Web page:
"A pessimist sees the difficulty in every opportunity; an optimist sees the opportunity in every difficulty."
    - Sir Winston Churchill (1874-1965)

  9. #9
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    I understand the 45 degree cut, But I don't recall ever cutting a piece of wood to 135 degrees. What would you be building?

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    Quote Originally Posted by lowell holmes View Post
    I understand the 45 degree cut, But I don't recall ever cutting a piece of wood to 135 degrees. What would you be building?
    It all depends where you establish your point of reference. On a miter box both marks are labeled 45. One is actually 135.

    When cutting miters and shooting for perfection I often read both sides and adjust as needed.

    Corner Detail.jpg

    It helps to fit the corners.

    jtk
    "A pessimist sees the difficulty in every opportunity; an optimist sees the opportunity in every difficulty."
    - Sir Winston Churchill (1874-1965)

  11. #11
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    I'll give you that your miter square is a sexy tool. And that is reason enough to have one.
    I do admire your miter square and would want to show it off if I had one.
    I'm considering making one.

    However, I think I could check the corners with a combination square and I probably would use my 6" square.

  12. #12
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    Quote Originally Posted by lowell holmes View Post
    I'll give you that your miter square is a sexy tool. And that is reason enough to have one.
    I do admire your miter square and would want to show it off if I had one.
    I'm considering making one.

    However, I think I could check the corners with a combination square and I probably would use my 6" square.
    Well, that isn't my miter square as the picture was just the first image to show up in a web search. I couldn't find an image of mine right away. A bit more digging found this:

    Miter Shooting.jpg

    It is up above my right hand. It isn't quite as sexy as the other, but it does have its own resting place on my try square rack.

    But I was thinking about this while remaking my shooting board yesterday. (see my post Oh Shoot!) When a 45 wedge is used to shoot mitered corners the angle to the face of the work is 135.

    In my post the wedge was cut for ~17 but there really would be no place to check that angle for the work being done. One would need a gauge with the supplementary angle, 163, to check the work if it had to be accurate.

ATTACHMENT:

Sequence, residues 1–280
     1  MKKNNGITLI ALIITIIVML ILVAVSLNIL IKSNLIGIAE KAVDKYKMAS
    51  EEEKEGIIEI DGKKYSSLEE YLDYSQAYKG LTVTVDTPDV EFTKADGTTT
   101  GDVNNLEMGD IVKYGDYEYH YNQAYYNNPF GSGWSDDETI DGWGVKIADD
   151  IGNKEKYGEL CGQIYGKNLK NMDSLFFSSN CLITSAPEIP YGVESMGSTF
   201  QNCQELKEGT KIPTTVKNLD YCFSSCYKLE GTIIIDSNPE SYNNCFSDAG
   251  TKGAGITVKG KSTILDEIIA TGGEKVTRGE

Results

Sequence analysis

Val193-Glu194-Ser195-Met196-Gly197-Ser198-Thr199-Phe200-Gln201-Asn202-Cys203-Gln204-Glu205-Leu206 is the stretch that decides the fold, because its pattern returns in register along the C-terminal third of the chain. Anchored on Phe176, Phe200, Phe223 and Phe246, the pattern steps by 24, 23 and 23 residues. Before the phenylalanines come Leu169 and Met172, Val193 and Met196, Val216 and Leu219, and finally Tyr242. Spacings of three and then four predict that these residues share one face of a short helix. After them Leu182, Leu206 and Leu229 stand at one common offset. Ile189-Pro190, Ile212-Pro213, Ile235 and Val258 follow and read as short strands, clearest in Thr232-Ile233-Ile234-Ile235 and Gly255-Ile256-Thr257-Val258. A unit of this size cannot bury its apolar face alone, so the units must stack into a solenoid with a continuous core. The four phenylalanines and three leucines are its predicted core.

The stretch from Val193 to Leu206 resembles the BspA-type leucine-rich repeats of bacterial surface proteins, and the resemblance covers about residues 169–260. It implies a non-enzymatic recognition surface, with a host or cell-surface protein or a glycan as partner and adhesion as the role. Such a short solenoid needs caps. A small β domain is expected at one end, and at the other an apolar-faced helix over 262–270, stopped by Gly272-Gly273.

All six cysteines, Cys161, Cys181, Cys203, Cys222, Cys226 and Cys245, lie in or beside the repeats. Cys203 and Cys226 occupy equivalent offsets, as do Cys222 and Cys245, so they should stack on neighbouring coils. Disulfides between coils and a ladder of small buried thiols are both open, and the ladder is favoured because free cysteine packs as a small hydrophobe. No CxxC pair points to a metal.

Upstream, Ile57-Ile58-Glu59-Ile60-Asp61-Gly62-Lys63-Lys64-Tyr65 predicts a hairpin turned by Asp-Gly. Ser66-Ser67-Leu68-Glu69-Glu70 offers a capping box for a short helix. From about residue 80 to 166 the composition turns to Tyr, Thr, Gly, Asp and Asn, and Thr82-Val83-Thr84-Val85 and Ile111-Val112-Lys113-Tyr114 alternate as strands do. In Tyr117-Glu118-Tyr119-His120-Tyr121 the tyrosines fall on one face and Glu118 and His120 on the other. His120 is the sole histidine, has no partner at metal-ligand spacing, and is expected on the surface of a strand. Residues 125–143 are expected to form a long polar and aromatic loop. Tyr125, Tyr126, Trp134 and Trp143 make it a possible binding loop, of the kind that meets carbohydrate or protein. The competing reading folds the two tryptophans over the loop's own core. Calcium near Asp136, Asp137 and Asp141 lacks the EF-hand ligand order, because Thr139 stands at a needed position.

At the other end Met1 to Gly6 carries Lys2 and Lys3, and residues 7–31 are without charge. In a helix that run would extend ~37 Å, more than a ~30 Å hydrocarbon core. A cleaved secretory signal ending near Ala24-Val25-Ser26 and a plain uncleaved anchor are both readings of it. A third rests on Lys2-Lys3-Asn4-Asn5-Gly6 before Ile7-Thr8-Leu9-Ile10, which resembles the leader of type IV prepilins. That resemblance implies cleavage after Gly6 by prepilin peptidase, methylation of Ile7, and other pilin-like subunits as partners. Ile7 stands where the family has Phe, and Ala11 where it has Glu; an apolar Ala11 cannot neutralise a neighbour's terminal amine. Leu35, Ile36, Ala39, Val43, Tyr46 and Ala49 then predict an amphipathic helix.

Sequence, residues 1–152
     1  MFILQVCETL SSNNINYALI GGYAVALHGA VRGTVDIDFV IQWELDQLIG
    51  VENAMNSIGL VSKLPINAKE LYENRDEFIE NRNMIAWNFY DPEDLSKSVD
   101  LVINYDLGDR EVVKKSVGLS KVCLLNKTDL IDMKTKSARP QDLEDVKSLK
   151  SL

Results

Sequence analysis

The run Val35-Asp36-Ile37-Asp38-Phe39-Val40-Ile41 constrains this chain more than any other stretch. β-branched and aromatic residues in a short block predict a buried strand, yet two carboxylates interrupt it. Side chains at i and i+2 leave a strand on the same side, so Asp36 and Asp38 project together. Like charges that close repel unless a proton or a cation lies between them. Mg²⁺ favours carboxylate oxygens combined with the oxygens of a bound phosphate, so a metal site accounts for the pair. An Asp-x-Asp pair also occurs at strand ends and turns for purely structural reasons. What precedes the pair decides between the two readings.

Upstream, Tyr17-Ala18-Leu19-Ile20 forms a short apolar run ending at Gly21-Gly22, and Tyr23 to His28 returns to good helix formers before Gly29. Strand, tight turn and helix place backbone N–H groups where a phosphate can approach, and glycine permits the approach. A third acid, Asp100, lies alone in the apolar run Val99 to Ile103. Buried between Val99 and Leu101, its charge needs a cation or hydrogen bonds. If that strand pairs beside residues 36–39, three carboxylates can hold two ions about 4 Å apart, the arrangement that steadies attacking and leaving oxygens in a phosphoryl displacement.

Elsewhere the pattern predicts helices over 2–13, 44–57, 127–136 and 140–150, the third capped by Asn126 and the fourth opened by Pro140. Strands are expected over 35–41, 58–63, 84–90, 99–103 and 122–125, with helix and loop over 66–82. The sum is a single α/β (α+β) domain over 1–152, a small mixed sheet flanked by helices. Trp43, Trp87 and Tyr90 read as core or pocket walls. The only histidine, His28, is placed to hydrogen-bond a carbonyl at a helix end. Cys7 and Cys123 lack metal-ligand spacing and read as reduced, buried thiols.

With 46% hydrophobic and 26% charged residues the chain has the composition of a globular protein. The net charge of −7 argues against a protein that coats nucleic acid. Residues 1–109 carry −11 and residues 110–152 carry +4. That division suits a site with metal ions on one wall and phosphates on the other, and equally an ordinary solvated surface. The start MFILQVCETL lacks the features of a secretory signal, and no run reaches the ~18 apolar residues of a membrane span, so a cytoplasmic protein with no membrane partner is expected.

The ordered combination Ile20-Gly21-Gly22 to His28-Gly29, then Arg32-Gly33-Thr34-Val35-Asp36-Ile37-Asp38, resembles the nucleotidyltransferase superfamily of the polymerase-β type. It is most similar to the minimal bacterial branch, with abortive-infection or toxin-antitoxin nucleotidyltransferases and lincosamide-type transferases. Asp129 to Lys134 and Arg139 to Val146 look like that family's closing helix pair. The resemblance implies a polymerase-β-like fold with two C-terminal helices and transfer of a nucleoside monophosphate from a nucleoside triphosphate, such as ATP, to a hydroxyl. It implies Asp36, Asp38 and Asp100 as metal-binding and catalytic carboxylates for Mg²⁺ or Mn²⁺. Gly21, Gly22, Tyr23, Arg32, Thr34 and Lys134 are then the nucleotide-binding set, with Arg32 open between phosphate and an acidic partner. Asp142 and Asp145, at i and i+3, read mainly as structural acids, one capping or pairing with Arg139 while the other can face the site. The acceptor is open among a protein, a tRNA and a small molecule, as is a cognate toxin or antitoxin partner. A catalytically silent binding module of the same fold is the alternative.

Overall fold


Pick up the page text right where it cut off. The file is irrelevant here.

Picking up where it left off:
jtk
    Last edited by Jim Koepke; 06-17-2016 at 12:17 PM. Reason: clarified wording
    "A pessimist sees the difficulty in every opportunity; an optimist sees the opportunity in every difficulty."
    - Sir Winston Churchill (1874-1965)

  13. #13
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    You can change your mis spelled thread title by pressing the "go advanced" button. It allows corrections then. Thought this would be useful info.

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    Quote Originally Posted by george wilson View Post
    You can change your mis spelled thread title by pressing the "go advanced" button. It allows corrections then. Thought this would be useful info.
    Not sure to what you are referring George. Should it be Oh Chute?

    jtk
    "A pessimist sees the difficulty in every opportunity; an optimist sees the opportunity in every difficulty."
    - Sir Winston Churchill (1874-1965)

  15. #15
    I've read all the posts and can't see any advantage of the miter square over a combination square, BUT, I really like my 1937 Stanley miter square. I also have a couple of Stanley try squares and four or five combination squares--a couple of Starrets and a Union Caliper square that was made only one year.

    I have ENUFF squares. Won't be buying any more. I need to be thinking about whether some of my grandkids should end up with particular tools I have.